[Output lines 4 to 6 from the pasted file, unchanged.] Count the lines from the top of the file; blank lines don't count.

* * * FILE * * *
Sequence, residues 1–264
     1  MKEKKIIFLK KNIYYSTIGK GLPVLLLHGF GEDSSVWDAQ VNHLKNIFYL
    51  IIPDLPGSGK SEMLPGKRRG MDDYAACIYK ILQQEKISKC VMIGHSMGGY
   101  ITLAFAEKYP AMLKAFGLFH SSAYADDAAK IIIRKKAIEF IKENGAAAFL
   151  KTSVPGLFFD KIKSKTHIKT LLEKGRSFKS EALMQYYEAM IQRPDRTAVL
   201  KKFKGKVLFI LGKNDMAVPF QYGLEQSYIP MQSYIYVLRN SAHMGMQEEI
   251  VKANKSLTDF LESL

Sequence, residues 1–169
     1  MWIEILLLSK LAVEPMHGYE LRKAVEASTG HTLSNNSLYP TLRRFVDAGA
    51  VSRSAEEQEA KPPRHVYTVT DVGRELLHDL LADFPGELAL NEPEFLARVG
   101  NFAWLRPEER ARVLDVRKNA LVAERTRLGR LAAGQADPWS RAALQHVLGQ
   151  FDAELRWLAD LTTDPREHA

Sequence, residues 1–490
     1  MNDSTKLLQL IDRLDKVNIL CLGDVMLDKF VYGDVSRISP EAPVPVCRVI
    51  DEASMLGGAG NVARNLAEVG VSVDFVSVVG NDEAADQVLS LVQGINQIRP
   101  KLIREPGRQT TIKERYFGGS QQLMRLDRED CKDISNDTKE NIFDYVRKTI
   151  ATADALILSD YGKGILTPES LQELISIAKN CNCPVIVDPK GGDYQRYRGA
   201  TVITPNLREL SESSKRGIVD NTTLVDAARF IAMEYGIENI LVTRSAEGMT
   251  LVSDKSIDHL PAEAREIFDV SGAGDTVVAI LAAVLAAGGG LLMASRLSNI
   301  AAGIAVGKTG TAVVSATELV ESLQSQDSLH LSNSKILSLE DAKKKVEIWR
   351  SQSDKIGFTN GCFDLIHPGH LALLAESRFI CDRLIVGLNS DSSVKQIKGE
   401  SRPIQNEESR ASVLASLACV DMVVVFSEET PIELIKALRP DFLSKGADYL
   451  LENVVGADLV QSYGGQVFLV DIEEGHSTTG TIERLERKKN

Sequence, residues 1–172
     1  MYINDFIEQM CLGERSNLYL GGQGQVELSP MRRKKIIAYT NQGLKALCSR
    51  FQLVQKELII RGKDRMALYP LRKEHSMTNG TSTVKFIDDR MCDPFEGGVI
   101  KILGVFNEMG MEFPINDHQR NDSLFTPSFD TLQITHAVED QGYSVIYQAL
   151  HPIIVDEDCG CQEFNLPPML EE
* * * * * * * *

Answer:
   101  ITLAFAEKYP AMLKAFGLFH SSAYADDAAK IIIRKKAIEF IKENGAAAFL
   151  KTSVPGLFFD KIKSKTHIKT LLEKGRSFKS EALMQYYEAM IQRPDRTAVL
   201  KKFKGKVLFI LGKNDMAVPF QYGLEQSYIP MQSYIYVLRN SAHMGMQEEI